Category Archives:
US Policy in the Middle East

In Iraq and Syria the US sanctions its allies while its friends back its enemies (got that?)

Ted Snider on
A U.S. flag waves while displaced Iraqis from the Yazidi community cross the Syria-Iraq border on Feeshkhabour bridge over Tigris River at Feeshkhabour border point, northern Iraq. (Photo: Khalid Mohammed/AP)

The war in Syria and Iraq has so many sides it’s hard to keep track of the teams. In Syria, we’re fighting the Assad government, but we’re also fighting the rebels who are fighting the Assad government, putting us on both sides of that civil war. But when you throw in the other countries that are taking sides, the program becomes even harder to follow. Recently, it seems that allies are on our enemy’s side while our enemies are on our side. To be on our side, it seems, you first have to let us sanction you.

US feels the heat on Palestine vote at UN

Jonathan Cook on
US Secretary of State John Kerry walks past American (back) and Israeli flags at Ben Gurion International Airport in Tel Aviv on January 6, 2014. (Photo: Brendan Smialowski/AFP/Getty Images)

The floodgates have begun to open across Europe on recognition of Palestinian statehood. On Friday the Portuguese parliament became the latest European legislature to call on its government to back statehood, joining Sweden, Britain, Ireland, France and Spain. But while Europe is tentatively finding a voice in the Israeli-Palestinian conflict, silence reigns across the Atlantic. The White House appears paralysed, afraid to appear out of sync with world opinion but more afraid still of upsetting Israel and its powerful allies in the US Congress.

Deconstructing John Kerry’s address to the Gaza Donors Conference

Marc H. Ellis on
U.S. Secretary of State John Kerry speaks during the Gaza Donor Conference in Cairo, Egypt, Oct. 12, 2014. (Photo: AP)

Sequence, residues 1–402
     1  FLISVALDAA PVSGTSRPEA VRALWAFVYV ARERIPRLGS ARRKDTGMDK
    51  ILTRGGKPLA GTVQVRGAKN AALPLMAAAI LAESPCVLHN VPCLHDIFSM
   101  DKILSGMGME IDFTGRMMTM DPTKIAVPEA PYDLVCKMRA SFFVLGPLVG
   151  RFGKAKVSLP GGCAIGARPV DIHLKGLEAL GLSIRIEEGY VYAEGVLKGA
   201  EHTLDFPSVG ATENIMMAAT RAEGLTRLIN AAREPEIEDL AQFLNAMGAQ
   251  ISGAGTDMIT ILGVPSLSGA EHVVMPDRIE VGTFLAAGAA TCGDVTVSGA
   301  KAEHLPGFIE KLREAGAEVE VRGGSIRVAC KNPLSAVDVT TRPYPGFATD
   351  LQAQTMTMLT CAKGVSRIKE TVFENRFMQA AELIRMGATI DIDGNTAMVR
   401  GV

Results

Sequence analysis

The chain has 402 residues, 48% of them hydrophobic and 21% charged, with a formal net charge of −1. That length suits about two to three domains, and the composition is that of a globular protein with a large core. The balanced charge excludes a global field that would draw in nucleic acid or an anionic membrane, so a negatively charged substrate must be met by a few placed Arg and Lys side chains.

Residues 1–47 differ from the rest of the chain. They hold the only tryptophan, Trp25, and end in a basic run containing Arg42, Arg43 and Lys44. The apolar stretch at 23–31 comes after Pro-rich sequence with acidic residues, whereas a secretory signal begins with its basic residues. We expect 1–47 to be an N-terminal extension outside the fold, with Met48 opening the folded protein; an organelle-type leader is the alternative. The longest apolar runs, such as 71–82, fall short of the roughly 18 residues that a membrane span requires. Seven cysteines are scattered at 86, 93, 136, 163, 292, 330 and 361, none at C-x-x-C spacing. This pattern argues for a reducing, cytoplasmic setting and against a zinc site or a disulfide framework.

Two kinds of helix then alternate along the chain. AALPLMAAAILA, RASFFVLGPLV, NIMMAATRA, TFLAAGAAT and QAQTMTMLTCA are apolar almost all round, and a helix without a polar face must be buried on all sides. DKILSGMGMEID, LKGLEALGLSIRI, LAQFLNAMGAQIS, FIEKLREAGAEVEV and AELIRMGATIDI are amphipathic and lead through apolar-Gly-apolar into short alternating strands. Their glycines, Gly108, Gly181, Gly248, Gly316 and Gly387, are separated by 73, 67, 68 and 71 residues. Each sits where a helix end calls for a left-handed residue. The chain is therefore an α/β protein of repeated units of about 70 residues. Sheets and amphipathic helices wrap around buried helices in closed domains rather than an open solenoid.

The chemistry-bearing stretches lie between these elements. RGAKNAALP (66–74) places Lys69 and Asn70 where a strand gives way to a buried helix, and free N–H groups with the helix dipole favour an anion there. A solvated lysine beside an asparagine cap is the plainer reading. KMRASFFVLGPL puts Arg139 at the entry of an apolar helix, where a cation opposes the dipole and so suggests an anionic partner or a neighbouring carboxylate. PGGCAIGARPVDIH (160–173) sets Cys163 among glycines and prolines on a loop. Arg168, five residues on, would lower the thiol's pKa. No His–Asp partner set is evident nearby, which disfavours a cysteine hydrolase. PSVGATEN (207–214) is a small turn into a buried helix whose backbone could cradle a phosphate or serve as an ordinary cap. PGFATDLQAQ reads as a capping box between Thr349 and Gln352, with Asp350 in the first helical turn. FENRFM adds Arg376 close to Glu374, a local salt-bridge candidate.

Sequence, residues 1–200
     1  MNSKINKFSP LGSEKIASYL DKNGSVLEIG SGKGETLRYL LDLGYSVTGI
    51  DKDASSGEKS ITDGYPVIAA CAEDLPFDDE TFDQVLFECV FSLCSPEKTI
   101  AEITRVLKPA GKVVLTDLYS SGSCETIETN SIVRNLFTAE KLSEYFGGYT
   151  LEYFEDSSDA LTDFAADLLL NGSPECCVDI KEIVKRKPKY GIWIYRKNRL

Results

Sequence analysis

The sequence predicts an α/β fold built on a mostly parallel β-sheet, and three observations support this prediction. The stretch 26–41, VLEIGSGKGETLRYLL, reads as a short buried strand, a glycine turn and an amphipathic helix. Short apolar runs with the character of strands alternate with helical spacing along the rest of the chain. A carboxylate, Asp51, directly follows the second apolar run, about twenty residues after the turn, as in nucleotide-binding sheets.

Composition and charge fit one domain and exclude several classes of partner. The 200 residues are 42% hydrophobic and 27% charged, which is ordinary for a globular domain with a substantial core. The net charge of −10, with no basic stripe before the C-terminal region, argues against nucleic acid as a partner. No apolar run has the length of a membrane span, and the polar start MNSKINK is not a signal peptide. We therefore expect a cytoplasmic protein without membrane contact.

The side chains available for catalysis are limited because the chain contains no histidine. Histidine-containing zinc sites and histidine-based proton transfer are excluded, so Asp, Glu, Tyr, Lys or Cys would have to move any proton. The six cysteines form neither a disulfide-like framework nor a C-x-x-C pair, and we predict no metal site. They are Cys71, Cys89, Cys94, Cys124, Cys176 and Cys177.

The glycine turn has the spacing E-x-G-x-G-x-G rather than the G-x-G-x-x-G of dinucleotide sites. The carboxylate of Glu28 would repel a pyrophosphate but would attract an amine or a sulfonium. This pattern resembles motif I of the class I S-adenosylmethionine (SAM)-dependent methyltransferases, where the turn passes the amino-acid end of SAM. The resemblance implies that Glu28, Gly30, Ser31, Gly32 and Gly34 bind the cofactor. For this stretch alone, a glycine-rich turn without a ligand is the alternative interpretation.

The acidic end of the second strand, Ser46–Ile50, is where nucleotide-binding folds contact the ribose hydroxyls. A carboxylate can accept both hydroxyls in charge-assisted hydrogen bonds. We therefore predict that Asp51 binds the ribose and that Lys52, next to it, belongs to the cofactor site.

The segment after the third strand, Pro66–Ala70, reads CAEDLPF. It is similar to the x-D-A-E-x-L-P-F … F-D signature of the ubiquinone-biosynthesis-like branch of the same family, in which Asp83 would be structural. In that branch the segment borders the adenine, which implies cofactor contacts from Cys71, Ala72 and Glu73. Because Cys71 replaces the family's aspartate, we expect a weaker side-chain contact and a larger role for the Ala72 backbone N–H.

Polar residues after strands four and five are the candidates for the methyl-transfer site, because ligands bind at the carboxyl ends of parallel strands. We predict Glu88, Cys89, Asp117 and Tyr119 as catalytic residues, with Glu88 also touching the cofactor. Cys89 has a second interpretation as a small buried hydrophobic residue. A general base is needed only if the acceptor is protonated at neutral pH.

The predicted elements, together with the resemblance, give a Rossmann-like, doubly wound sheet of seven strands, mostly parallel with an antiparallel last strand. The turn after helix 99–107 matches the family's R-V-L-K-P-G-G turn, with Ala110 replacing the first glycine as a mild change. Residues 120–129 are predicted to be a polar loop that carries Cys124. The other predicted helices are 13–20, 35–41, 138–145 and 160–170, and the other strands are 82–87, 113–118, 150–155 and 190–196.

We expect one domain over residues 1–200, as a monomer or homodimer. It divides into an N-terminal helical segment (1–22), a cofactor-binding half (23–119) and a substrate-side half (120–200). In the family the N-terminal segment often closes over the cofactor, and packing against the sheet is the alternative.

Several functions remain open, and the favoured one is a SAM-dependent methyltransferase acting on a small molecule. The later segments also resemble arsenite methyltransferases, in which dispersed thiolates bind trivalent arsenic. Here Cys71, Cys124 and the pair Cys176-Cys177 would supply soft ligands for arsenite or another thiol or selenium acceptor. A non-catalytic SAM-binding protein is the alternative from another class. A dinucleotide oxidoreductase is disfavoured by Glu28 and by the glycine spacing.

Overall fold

John Kerry’s address to the Gaza Donors Conference in Cairo on Sunday was remarkably vacant, if not disingenuous. Reading through Kerry’s address paragraph by paragraph is an exercise in futility. Yet the political ramifications are extreme. Everyone knows that after the Gaza war a profound reckoning is needed. Yet John Kerry – and the Gaza Donors Conference – isn’t even close

It looks like Obama is checking out on Israel

Philip Weiss on
Obama in 2012

Martin Indyk says Democratic politicians are having less to do with Israel because the party base doesn’t support the country, and Obama’s recent indifference to Israel suggests he wants nothing to do with the country. He told Israel what it had to do years ago and Israelis ignored him.

Jewish New Yorkers to Schumer and Gillibrand: Enact the Leahy Law and stop US military aid to Israel

Jews Say NO! and Jewish Voice for Peace/NY on
New York Sens. Charles Schumer and Kirsten Gillibrand in 2012. (Photo: PAUL J. RICHARDS/AFP)

Jews Say NO! and Jewish Voice for Peace/NY write a letter to New York Senators Charles Schumer
and Kirsten Gillibrand asking them to to enforce provisions of federal law that require the termination of aid to any unit of a foreign military for which there is credible information that the unit has committed a gross violation of human rights.

Can Schumer evolve? Finally, some pressure

Philip Weiss on
Schumer, official portrait

Did Chuck Schumer just say, ‘My opinions on Palestine are evolving’? That is the aim of a new campaign aimed at the senator’s assertion that he is Israel’s guardian in the U.S. It’s time to talk about Israeli human rights violations. Demo on Monday at his NY office.

Burke and Lincoln would have hated the special relationship

Philip Weiss on
David Brooks

Glenn Greenwald’s latest revelation, that three former Treasury officials are involved in a neoconservative Zionist lobbying outfit, combined with David Brooks’s apparent belief that he’s an Israeli parent, shows how commingled the Israel interest is in our political culture, the type of sinister influence Lincoln and Burke both warned their democracies against